The Next Pope and Adam Smith. You can guess the drift of this one, I think, and there is a lively discussion going on, although as so often happens when this subject comes up there is a tendency for the anti-capitalist side to dwell on abstractions and for the pro-capitalist side to minimize the serious problems of capitalism-as-we-know-it. (Exhibit A: the entertainment industry.)

Did Church Renewal Happen? During the papacy of John Paul II, that is. How to reconcile the glory of  the pope’s thought and personal witness with the unsatisfactory state of Catholic life in general? My opinion: renewal began. It has quite a long way to go.

Maclin Horton

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Journalists Baffled by Commutative Property

In trying to come to grips with the teachings of John Paul II, it sometimes seemed that most of the journalists of the world
had more or less simultaneously uttered a great cry of “We
don’t get it!”

–Maclin Horton

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I read two things today that, taken together, provide considerable food for thought. I would really love to hear some reader discussion on the topic.

Item one: this Baltimore Sun story about John Paul II’s home town, Wadowice. The current parish priest where Wojtyla was baptized laments the state of Poland after Communism: "We in Poland have opened up to Western culture, and it is destroying the church."

Item two: this National Review Online piece by John Derbyshire, a retrospective and evaluation of the late Pope’s life and times. Those of you who can’t abide NR (if any are present), please hold your fire, and don’t react too hastily without reading the whole piece. Derbyshire is a non-Catholic, a sort of old-school Anglican, but sympathetic to the Pope and most of that for which he stood–what I think of as a temperamental conservative. Here is his key idea: "..the real culprit [in the decline of orthodox religion] is the irresistible appeal of secular hedonism to healthy, busy, well-educated populations."

This is something I’ve given a lot of thought to. Those of us who are more or less traditionalist Catholics argue a lot about the baleful influence of various philosophical and political parties: "It’s the liberals." "No, it’s the conservatives." "No, it’s the neo-cons." "It’s the Enlightenment." "It’s Protestantism." "It’s Darwin." "It’s Europe." "It’s the USA." "It’s Marx." "It’s capitalism." "It’s Thomism." "It’s Vatican II." Etc.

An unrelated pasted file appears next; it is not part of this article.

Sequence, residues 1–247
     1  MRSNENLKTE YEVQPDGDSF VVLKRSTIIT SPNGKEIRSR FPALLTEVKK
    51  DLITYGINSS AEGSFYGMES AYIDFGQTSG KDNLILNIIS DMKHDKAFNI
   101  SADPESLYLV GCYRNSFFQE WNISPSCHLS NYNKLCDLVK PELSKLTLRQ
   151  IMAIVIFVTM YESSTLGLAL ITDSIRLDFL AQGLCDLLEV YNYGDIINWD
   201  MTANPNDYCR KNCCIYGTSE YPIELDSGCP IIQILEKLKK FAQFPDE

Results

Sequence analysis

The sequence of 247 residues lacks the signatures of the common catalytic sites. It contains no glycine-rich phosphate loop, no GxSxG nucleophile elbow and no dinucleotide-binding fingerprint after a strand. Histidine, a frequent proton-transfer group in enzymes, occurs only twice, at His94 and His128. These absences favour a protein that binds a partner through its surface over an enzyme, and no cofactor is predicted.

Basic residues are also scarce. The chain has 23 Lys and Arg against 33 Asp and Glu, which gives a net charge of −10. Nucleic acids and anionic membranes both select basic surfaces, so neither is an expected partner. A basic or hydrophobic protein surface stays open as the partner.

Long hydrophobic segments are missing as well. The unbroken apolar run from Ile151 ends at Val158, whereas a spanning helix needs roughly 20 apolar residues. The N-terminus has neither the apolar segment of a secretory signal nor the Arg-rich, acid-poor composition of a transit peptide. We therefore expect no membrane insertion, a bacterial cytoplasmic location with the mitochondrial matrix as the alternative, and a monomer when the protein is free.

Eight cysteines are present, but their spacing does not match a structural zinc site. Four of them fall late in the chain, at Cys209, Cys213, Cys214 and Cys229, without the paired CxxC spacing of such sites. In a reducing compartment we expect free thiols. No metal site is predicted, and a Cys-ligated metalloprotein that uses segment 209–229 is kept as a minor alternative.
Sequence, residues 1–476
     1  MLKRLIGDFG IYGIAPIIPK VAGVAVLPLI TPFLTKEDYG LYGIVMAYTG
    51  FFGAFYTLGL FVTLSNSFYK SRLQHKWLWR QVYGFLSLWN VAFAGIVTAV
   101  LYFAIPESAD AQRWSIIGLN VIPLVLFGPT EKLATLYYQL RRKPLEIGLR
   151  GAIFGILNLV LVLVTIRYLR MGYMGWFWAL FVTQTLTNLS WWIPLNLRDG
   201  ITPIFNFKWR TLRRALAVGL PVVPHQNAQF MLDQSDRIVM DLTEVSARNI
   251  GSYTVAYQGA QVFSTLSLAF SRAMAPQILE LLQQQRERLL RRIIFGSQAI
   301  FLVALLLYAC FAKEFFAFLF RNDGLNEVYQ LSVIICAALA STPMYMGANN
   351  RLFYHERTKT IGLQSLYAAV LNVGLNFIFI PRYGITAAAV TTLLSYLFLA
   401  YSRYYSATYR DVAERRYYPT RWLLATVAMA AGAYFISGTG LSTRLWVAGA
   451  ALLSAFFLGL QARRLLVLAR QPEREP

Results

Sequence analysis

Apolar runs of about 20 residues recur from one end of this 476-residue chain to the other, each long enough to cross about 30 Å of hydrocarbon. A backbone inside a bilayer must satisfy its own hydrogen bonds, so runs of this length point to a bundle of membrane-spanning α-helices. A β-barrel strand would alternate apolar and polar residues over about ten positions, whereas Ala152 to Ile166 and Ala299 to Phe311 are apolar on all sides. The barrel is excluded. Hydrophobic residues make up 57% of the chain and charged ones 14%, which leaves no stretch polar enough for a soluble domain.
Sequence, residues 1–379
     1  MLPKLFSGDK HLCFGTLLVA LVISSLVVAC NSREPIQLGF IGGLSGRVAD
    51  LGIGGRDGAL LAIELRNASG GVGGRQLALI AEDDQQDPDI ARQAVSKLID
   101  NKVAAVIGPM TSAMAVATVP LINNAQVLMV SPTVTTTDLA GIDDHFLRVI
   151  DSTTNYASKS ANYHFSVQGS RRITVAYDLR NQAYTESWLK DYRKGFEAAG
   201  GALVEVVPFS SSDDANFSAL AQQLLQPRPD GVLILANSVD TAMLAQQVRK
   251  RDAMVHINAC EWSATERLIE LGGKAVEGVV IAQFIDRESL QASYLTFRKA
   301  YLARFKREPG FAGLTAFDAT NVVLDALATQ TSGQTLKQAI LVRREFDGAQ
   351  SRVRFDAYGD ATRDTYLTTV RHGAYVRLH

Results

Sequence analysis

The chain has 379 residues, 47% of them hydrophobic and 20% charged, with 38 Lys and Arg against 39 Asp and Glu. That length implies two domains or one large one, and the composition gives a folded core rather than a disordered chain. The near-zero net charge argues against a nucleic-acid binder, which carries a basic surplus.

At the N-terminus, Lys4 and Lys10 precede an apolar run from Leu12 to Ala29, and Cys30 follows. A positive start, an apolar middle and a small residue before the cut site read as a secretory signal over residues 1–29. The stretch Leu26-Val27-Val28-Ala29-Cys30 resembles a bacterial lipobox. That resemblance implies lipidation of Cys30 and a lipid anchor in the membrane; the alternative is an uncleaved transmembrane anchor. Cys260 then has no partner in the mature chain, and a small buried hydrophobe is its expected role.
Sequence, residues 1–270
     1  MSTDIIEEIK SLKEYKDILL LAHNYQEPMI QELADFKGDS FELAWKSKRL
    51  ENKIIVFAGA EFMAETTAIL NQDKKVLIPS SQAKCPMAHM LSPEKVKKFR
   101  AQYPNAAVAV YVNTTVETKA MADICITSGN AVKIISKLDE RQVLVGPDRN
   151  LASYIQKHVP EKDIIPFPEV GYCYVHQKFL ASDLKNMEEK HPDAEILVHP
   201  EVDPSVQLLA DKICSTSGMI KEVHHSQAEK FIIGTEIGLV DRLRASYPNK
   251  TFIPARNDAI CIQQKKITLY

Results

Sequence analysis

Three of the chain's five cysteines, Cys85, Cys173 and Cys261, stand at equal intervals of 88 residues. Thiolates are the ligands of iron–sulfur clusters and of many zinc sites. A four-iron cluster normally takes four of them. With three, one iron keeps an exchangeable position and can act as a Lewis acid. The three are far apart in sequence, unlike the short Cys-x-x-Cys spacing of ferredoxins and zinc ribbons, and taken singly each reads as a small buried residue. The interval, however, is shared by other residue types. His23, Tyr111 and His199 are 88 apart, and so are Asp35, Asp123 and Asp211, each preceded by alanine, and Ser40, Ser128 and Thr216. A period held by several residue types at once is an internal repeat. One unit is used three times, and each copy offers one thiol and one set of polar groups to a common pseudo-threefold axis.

But I am more and more inclined to believe that we are up against something more fundamental, and Derbyshire is onto it: if people have wealth and freedom, they will abuse it. Like those (legendary?) rats who dosed themselves with cocaine till they died, they will most likely abuse it until it is taken from them.

(Now I’m being pessimistic.) Of course it’s possible in principle for more than a minority to turn away from decadence when it’s freely available, but is it likely to happen?

Like I said, I would really love to hear what other people think about this.

Maclin Horton

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A Captain for the Storm

I really don’t have much to say about the papacy of John Paul II that hasn’t already been said by other people. This is more about the sudden shock of realizing that we are without him (I started to call it Enough About the Pope–Let’s Talk About Me) and what it could mean for the Church if he is followed by a much lesser man.

Maclin Horton